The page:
Imagine igniting a passion for learning through the exciting exploration of history and culture as reflected in dance. Deborah Denenfeld has spent her lifetime combining interests in dance, teaching and the study of cultures. She now brings multi-cultural and historic dance to Kentuckians through residencies, workshops and programs.
Master’s educated, Deborah lived and taught in Asia, Canada and Hawaii, always exploring new styles of dance. For twenty years she has been on the Kentucky Arts Council’s Teaching Artists Directory, conducting hundreds of residencies and professional development workshops on dance integrated with other curricular areas. She created Dancin’ to the Core, interactive presentations on elements and styles of dance, attended by 4600 students, receiving rave reviews. Deborah helped choreograph and perform “Farblungheit: Lost and Found in Kentucky,” based on the lives of Jewish Kentucky women. She received an Appalachian Music Fellowship, researching western Kentucky play-party games from the 1920s. Through interviews with elderly players, she reconstructed many dance-like games that otherwise would have been lost. She was a major contributor to KETs Dance Toolkits.
Deborah Denenfeld continues to help students of all ages and levels of ability discover their own inner joy and love of life through the beauty and richness of dance.
Potential Residency Project
Integrate Dance, Music and Social Studies Curricular Content through Colonial American and Native American DanceExperiencing, identifying and describing the elements of dance in a variety of dances.
This 10-day residency is appropriate for grades four and five.
1. Students combine learning social studies with dance and music academic expectations
2. Students experience the elements of dance through movement exercises, dances, observation and discussion.
3. Integrate the study of Kentucky and American government, cultures and societies, economics, geography and historical perspective with the study of Colonial American dance, providing hands-on experience of colonial times and culture as reflected in dance. Explore the role of dance in family and individual status in that era.
4. Integrate the study of Kentucky and American government, cultures and societies, economics, geography and historical perspective with the study of Native American dance and Native American culture, learning dances from various tribal nations, thus exposing students to a culture other than their own.
5. Students compare and contrast Colonial American and Native American dance styles, exploring the purposes of the dances, using appropriate dance terminology.
6. Integrates perfectly with the “Mission U.S. – Mission 1: For Crown or Colony?” game available online through KET.
A professional development workshop will be held for all interested teachers, focusing on integrating multi-cultural and historical dance into the social studies curriculum. Suggested resource materials and a bibliography will be provided. The artist will provide on-going telephone support for one year following the residency.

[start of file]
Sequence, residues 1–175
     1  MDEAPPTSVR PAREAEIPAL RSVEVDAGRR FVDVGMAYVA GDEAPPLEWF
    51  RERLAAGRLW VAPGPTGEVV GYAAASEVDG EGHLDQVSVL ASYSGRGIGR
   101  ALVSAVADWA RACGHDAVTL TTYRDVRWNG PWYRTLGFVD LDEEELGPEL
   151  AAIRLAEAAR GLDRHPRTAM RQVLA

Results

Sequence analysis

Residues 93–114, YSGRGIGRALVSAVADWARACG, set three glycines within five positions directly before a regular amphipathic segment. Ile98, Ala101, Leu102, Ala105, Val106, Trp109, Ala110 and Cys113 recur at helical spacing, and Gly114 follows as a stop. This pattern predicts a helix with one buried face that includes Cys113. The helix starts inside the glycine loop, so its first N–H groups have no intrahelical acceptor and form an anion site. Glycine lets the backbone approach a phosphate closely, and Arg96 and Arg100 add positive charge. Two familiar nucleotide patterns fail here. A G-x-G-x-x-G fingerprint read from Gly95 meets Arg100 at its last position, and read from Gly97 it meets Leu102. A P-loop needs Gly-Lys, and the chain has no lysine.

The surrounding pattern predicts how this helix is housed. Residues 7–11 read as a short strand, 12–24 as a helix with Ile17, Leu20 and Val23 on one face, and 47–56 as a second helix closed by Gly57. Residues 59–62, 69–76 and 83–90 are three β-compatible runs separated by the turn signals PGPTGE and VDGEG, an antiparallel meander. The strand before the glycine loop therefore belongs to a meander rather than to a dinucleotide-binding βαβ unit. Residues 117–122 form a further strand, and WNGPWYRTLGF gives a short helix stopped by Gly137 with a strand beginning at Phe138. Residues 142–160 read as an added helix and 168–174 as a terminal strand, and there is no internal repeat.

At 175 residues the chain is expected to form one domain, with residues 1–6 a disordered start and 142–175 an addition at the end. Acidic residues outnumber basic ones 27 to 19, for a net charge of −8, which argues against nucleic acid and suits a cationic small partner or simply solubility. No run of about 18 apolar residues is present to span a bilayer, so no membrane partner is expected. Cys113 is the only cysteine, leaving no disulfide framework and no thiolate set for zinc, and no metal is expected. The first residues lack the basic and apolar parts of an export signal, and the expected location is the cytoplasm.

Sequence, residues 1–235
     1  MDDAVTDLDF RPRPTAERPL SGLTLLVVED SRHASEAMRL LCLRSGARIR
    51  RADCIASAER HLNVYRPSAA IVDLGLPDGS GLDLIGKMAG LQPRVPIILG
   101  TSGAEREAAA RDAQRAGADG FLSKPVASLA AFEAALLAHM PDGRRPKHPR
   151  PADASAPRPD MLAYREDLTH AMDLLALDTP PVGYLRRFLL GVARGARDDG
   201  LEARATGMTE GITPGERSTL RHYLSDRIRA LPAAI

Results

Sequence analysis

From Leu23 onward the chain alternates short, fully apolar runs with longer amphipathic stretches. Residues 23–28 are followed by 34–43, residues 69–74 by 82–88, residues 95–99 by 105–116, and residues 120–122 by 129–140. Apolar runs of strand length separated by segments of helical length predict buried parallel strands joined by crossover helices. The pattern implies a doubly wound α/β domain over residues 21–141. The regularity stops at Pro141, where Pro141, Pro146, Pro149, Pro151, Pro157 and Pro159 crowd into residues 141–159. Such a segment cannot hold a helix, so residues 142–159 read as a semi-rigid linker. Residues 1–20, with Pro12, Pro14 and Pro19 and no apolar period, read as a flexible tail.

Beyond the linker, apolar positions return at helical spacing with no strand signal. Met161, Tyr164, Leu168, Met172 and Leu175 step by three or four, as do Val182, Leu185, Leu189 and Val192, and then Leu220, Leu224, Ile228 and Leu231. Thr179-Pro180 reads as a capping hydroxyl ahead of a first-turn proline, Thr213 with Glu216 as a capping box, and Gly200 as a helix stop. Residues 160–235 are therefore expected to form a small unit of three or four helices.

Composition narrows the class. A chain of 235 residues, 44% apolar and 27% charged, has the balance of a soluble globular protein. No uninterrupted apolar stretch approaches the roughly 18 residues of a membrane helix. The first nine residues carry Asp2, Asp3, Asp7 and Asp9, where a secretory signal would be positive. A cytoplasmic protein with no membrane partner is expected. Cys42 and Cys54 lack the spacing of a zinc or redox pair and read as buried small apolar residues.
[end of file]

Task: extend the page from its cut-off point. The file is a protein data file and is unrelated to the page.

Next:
This residency will provide an in-depth boost to the school's existing Social Studies and Arts and Humanities Education Plans. Specifically, students will have an opportunity to meet Kentucky Program of Studies requirements in dance, music and social studies by:
Creating a dance that uses elements of dance with locomotor and nonlocomotor movements to communicate ideas, thoughts and feelings.
Performing this dance with a small group.
Performing traditional folk and ethnic dances.
Explaining how dance has been a part of cultures and time periods throughout history.
Discussing purposes of dance.
Using appropriate terminology to describe differences and commonalities in dances of Colonial American and Native American cultures, their purposes and styles.
Providing learning opportunities through kinesthetic, linguistic, spatial, logical-mathematical, musical, interpersonal, intrapersonal and naturalist modalities to reach all learners.
“Dance Integrating With Arts, History and Social Studies Standards for Every Grade”Grades 2 and 3: Elements of Dance and folk dance of various cultures from geographical and historical perspectives
Grades 4 and 5: Elements of Dance, Dance Forms and Purposes: focusing on Colonial American, Native American, west African and Appalachian dance, cultures, economics, geography and historical perspectives
Grades 6, 7 and 8: Latin Dance, Classical Dance of India, Early American and African-American Dance through the Civil War, Dance Purposes, Elements and Choreographic Forms: focusing on cultures, societies, economics, geography and historical perspectives
Grades 9, 10, 11 and 12: Styles of Dance, European Culture and Periods in Dance, Recent Styles in American Culture, Dance Purposes, Elements and Choreographic Forms: focusing on cultures, societies, economics, geography and historical perspectives